As the Taliban capture Panjshir and finalise their interim cabinet, all eyes are on the reactions of regional heavyweights, China and Russia
The Biden administration is shuttling Secretary of State Antony Blinken from the proverbial pillar to post to drum up support for holding back diplomatic recognition of the recently-established Taliban government in a bid to maintain some kind of leverage on the insurgents-turned-rulers. Sources in Kabul say that neither China nor Russia have agreed entirely to grant US requests. Instead, they are tipped to be close to finalising their formal recognition of the new Afghan rulers, something we might see in a matter of weeks.
The two permanent members of the UN Security Council are in the middle of exhaustive talks with the new government in Afghanistan. Sources says they are being facilitated by Qatari and Pakistani officials. No country has so far recognised the newly-announced Taliban government. Sources privy to latest developments says major breakthroughs in this regard could happen anytime. The regional countries, led by China and Russia, might announce their recognition of the new government in Kabul as a group or on an individual basis. Qatar, the UAE, Pakistan, Russia, China and Iran are already flying humanitarian aid to Kabul, Herat, Kandahar and Helmand.
It is too early to say if this will lead to the development of a new regional cooperation or military bloc but the countries seem to have a common adversary in the US. The group members do not want to alienate the US. They’d rather engage it on their terms. Whether Iran will play a role in the coming together of such a group is not clear. Informed sources says that Russian and Chinese diplomats do not expect Iranians to create any obstacles for them.
Intense backchannel diplomacy is taking place between the regional powers and the Taliban through trusted middlemen from Doha and Islamabad. Another factor in a massive change of heart in Russia and China has been the tactical capture of the Panjshir Valley. This has brought the Taliban literally right next door to China and the Russian sphere of influence (Tajikistan, Uzbekistan). Both the big regional powers seem to have realised that any alienating response might have more negative impact on their end than on the Taliban’s. Therefore, they have intensified the efforts to calm down nerves in Kabul, rush aid, and inch towards key agreements on security, intelligence sharing and financial and diplomatic support.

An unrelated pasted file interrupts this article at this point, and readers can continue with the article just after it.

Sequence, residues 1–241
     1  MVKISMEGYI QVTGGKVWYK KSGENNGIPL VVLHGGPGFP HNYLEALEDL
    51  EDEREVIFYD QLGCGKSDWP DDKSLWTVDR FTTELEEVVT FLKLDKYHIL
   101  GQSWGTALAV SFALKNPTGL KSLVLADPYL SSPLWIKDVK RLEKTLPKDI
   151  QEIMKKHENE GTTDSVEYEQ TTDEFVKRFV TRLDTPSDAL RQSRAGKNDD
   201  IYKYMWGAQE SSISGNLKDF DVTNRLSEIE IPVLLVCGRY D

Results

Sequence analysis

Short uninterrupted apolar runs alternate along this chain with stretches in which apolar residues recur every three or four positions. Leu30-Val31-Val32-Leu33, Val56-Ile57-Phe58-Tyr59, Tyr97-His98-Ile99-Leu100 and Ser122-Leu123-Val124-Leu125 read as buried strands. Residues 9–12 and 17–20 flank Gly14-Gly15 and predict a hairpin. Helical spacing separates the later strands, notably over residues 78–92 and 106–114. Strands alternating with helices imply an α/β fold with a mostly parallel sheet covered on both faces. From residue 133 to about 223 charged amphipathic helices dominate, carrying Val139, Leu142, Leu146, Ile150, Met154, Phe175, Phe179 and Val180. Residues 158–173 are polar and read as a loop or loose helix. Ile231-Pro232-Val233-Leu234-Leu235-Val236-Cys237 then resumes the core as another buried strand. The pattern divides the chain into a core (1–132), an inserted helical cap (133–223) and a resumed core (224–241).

Sources say both China and Russia have been assured by the Qatari and Pakistani mediators that once the Taliban have captured the entire country discord will be dealt with tactfully. The prime concern for both these big players is not the configuration of the new government or how Taliban settle accounts with their rivals or how many women and minorities are included in the cabinet. The primary concern remains that the Afghan soil should not harbour any outfit that can directly or indirectly export extremism or Islamist uprising to their countries and spheres of influence in Central Asia.
Now let’s look at the catalyst that seems to be bringing about a huge change for the Taliban: the capture of Panjshir Valley. If Abdullah Abdullah had his reasons to go against President Ghani and Vice President Amrullah Saleh, Gulbadeen Hekmatyar too had a score to settle with Panjshiris for not letting him settle down as prime minister in 1993-94 and then again in 1996. Sources say the Qatari and Pakistani mediators have assured Abdullah, Hekmatyar and Hamid Karzai that they will have representation in the future Afghan cabinet.
The interim cabinet, say senior Taliban leaders speaking anonymously, was meant essentially to rub salt in US wounds. That was why it included several names on the State Department’s wanted list and the UN’s terrorist list. Other sources, who are familiar with the tug-of-war in the planning of the Taliban’s interim cabinet, say that irrespective of what the Taliban leadership wanted to prove, many in the Taliban ranks have been offended by the way a “Punjabi guest” helped finalise the list.
Sources in Kabul say that Abdullah Abdullah managed to gather around 50 key commanders and tribal chiefs from the Panjshir Valley at his residence in Kabul including Commander Gul Haider, the security chief of the valley, a couple of days before the Taliban offensive.
Commander Gul Haider was assigned the task of blocking the Taliban’s advance. Should the need arise, he was authorised to blow up the approach in Dalan Sang — a narrow opening created by Panjshir River in the Hindukush mountains, the only passage for invaders. Amu Darya, which forms the northern border of Afghanistan, provides an obvious escape route and/ or life-line to the valley during a barricade or attack.
Some of the fighters who have recently escaped Panjshir say that two key commanders of the National Resistance Front, General Fahim Dashti and General Wadood, were kidnapped. Their tortured bodies were found near the city centre a day before the arrival of the Taliban forces. It is believed that General Jurat, a local cross-border entrepreneur who has developed a network of mosques across this province and in the nearby Parwan, provided tactical support to the Taliban before and during the offensive.
The Taliban leaders say that “we are close to breaking away from the past and starting afresh. The victory in Panjshir has brought us advantage in our efforts to reach an amicable and mutually beneficial relationship with our immediate neighbours.”
The author is a senior journalist/ analyst and can be reached via firstname.lastname@example.org